When a newspaper or magazine article seeks to make a point, a lot of the ‘heavy lifting’ is done by the associated pictures. Even when the underlying text is perfectly well balanced, pictures can be chosen that distort our perspectives. Because most of us ‘skim’ articles in a superficial manner this can happen easily and however carefully the text may have been written the illustrations may leave an impression subtly different from that intended by the author. The choice of illustrations may even colour the interpretation of the underlying text. This may not be the fault of the author because pictures are usually chosen by the editorial team and may reflect their cognitive biases rather than those of the writer. Two recent articles have caught my attention but they are not unrepresentative of a more widespread problem in publishing.
The first appeared in The Conversation which is an online media outlet, written by academics, that promises us ‘academic rigour and journalistic flair’ – it doesn’t usually succeed in either aim. The article ‘How to stop psychopaths and narcissists winning positions of power‘ was published online on April 7th, 2021. The text of the article is reasonably balanced. However, the accompanying pictures show a male narcissist and a female in a positive role who appears to be working collaboratively. There is no evidence that men are more narcissistic than women but their narcissism likely takes different forms. For example, virtuous signalling of victimhood correlates with the dark triad traits of narcissism, psychopathy and Machiavellianism.
This is only one article from The Conversation but it is part of a general pattern of negative stereotyping of men. The education section is particularly bad, articles with a positive message are accompanied by pictures of attractive young girls and those with a negative message are accompanied by pictures of boys.
Another recent article, this time from the BBC website (here), was about mental health issues and suicides in students. In general, students have a lower suicide rate than non-students of the same age. That is not to say that every suicide isn’t a tragedy, a life pointlessly cut short and a case of promise never to be fulfilled. However, the highest suicide rate is among men working in the construction industry but that only receives a fraction of the news coverage.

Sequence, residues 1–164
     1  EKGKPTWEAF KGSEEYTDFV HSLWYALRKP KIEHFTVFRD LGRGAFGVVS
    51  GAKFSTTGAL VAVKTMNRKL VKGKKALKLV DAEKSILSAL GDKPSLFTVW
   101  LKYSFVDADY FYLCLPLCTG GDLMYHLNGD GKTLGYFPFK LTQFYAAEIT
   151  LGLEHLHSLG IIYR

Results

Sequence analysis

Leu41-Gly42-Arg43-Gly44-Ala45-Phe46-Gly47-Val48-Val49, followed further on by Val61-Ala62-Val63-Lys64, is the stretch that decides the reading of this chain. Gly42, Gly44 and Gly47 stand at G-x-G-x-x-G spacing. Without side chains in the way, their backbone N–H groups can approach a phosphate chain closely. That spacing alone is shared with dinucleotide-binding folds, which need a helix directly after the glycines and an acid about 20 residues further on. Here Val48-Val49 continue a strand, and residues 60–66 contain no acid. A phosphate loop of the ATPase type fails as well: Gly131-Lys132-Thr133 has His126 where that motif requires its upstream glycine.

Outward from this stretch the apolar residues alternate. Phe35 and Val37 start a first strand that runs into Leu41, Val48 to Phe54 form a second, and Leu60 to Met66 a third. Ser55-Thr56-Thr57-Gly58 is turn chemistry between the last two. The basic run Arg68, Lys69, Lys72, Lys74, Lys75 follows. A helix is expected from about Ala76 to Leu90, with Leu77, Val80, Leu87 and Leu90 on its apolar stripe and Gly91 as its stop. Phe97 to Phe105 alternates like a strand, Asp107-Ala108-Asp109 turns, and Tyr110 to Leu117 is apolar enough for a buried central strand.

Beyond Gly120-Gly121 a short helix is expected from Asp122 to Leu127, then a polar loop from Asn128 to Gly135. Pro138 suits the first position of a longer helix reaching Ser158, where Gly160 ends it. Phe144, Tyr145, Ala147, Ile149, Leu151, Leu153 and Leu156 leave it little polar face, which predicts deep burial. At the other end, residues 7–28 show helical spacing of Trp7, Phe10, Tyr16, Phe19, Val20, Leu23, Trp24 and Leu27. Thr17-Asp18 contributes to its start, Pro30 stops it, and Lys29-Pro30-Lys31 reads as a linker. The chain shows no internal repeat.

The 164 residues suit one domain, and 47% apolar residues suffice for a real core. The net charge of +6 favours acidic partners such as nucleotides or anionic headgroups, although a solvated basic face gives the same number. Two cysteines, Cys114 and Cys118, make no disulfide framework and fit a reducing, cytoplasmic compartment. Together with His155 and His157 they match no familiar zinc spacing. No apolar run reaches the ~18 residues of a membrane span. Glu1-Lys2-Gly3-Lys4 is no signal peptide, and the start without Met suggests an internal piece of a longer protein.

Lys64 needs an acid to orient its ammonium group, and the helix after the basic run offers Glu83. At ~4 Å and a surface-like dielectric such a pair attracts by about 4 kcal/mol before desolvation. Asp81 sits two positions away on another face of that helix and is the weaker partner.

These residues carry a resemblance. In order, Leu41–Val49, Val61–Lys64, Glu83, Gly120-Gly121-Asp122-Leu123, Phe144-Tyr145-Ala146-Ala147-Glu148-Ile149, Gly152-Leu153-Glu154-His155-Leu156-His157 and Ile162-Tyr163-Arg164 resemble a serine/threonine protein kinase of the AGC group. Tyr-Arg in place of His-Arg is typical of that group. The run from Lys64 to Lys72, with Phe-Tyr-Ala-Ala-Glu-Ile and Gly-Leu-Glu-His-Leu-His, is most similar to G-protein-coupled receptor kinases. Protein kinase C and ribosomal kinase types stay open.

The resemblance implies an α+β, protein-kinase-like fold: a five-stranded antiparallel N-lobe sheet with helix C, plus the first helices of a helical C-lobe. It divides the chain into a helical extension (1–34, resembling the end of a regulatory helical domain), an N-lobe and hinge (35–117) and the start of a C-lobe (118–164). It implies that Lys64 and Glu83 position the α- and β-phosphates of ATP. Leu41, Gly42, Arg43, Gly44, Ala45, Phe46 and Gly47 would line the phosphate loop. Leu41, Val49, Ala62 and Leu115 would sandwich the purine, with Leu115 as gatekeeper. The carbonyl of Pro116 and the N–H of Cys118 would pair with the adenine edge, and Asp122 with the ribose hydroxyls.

In the wider population, male suicides outnumber female suicides by about 3:1. Among students, the figure is 2:1 though there are more female students so the relative risk may be closer to the population average. The text of the BBC article was reasonably balanced and foregrounded cases involving male and female students. The illustrations, however, did not reflect the greater prevalence of suicides among male students and showed more pictures of unhappy looking women.
The fits into the concept of gamma bias that was touched upon in a previous post (here). Gamma bias is a type of cognitive-bias matrix that operates around four possible judgements about gender: doing good (celebration), doing harm (perpetration), receiving good (privilege) and receiving harm (victimhood). This means, for example, good acts committed by men will be gender neutralised by referring to firefighters or sewage workers or highlighting a smaller number of women who may have been involved. Conversely, in the case of good acts committed by women their gender will be at the forefront. Similarly in the domains of privilege and victimhood; masculinity is highlighted in the domains of receiving privilege and but hidden in the domains of victimhood.
Gamma bias in illustrations accompanying articles is something that can be easily quantified and could give a difficult to refute numerical measure of bias. For more information about this subject, I recommend the two papers cited at the bottom and the YouTube video below.
1. Seager M, Barry JA. Cognitive Distortion in Thinking About Gender Issues: Gamma Bias and the Gender Distortion Matrix. In: Barry JA, Kingerlee R, Seager M, Sullivan L, editors. The Palgrave Handbook of Male Psychology and Mental Health [Internet]. Cham: Springer International Publishing; 2019 [cited 2020 Dec 29]. p. 87–104. Available from: http://link.springer.com/10.1007/978-3-030-04384-1_5